No explanation is given for the move. Several mundane motivations are possible. But the underlying reason is the providence of God, directing events behind the scenes.
 32 The days of Terah were 205 years, and Terah died in Haran.
That's the age given in the Massoretic text. According to Philo, the Samaritan Pentateuch, and the Pentateuch Targum, he was 145 when he died. That may preserve the original reading (Schnabel 2012; Waltke 2001).
12 Now the Lord said to Abram, “Go from your country and your kindred and your father's house to the land that I will show you.
Vv4-5 raise the question of when Abraham was called. Was he called in Ur or Haran? Was his father alive or dead when he was called? 
i) It's possible that God called him when he was living in Ur. Indeed, that might be why his father moved the family. Pagan Mesopotamians were into divination and oneiromancy. Revelatory dreams (Husser 1999; Noegel 2007). If Abraham told his father that God had spoken to him or appeared to him in a dream, instructing them to go to Canaan, Terah might have taken that very seriously. 
ii) It's possible that God called him when he was living in Haran. It's unlikely that Abraham felt free to strike out on his own as long as his father was alive. But when his father died, Abraham suddenly had a decision to make. He could remain in Haran, return to Ur, or go to Canaan. 
Left to his own devices, he might have gone back to Ur or stayed in Haran. If Terah's plan was to make a new life for his family in Canaan, and he died on the way, then the incentive for the original destination would be lost. So that would be an opportune time for God to make his will known to Abram.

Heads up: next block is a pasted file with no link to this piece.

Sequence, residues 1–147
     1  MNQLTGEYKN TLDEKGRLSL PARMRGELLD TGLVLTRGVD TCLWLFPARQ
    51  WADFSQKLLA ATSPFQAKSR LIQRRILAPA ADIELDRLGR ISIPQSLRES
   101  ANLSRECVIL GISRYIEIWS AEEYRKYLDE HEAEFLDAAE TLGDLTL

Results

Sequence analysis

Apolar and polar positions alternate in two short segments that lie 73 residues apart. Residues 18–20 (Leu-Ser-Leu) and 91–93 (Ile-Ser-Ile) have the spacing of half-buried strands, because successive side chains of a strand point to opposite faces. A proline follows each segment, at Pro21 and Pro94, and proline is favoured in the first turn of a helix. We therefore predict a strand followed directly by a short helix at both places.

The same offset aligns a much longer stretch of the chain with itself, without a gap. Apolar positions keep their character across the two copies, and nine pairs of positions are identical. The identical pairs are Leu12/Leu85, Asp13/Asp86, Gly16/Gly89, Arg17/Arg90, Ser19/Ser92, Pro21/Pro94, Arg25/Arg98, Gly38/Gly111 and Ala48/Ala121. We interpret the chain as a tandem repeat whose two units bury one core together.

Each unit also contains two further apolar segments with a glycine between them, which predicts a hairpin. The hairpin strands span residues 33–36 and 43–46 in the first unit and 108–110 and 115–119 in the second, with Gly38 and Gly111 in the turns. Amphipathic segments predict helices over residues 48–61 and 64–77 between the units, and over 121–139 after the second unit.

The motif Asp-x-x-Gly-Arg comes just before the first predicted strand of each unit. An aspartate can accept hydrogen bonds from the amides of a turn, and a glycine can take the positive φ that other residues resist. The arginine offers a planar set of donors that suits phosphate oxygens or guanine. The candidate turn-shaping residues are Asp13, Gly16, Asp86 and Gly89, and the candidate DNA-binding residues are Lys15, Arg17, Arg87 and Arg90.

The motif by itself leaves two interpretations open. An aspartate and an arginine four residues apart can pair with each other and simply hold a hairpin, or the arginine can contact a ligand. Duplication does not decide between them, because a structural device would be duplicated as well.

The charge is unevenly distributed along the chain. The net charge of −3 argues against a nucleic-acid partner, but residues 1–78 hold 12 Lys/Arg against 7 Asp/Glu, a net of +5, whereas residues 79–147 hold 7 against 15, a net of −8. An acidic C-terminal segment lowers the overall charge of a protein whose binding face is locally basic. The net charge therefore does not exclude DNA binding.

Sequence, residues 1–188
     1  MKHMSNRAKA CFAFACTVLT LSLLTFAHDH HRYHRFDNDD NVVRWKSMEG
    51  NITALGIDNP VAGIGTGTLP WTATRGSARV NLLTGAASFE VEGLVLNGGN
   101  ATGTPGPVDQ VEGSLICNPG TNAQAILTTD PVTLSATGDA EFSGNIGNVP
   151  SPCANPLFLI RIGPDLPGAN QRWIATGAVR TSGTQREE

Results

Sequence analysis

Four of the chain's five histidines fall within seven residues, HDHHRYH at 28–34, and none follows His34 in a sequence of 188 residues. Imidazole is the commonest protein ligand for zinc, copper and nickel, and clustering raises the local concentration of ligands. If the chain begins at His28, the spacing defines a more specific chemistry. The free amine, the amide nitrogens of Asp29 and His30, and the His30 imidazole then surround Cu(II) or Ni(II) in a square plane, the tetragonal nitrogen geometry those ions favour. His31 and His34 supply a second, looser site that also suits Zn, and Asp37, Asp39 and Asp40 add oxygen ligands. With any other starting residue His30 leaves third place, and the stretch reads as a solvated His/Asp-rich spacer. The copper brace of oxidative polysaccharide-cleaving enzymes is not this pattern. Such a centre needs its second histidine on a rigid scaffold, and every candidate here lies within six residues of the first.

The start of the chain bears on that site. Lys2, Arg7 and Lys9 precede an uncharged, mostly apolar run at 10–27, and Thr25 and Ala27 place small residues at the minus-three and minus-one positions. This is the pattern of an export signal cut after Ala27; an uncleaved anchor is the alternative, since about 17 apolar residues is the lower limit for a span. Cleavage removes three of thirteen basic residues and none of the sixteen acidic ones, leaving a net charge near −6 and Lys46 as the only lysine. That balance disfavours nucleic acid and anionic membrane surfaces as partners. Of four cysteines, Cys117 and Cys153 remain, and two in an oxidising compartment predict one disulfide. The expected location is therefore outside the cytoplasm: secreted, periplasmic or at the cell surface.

2 And I will make of you a great nation,
The seed of promise is both corporate and individual. At one level it refers to Abraham's physical posterity, through Isaac. At another level, it typifies the elect, within the biological lineage. Finally, it has a Messianic referent. This picks up from Gen 3:15, and begins to unfold in the narrative arc of Pentateuchal history (e.g. Gen 27:29; 48:8-12; Num 24:7-19). The promise is both backward looking and forward looking (Sailhamer 2008). 
 and I will bless you and make your name great, so that you will be a blessing.
The ill-fated builders of Babel sought the same thing. But they sought it through their own strength. 
 3 I will bless those who bless you, and him who dishonors you I will curse, and in you all the families of the earth shall be blessed.”
God blesses others through Abraham. The passive voice ("shall be blessed") is probably the correct rendering (Grüneberg 2003).
4 So Abram went,
Abraham's unquestioned obedience is striking. God is commanding him to leave behind his ancestral home and his extended family. For many people, that's their psychological center. They'd feel emotionally lost without the physical and social environment they grew up with. For many people, having kids is a compensation. But Abram and Sarai are a childless couple.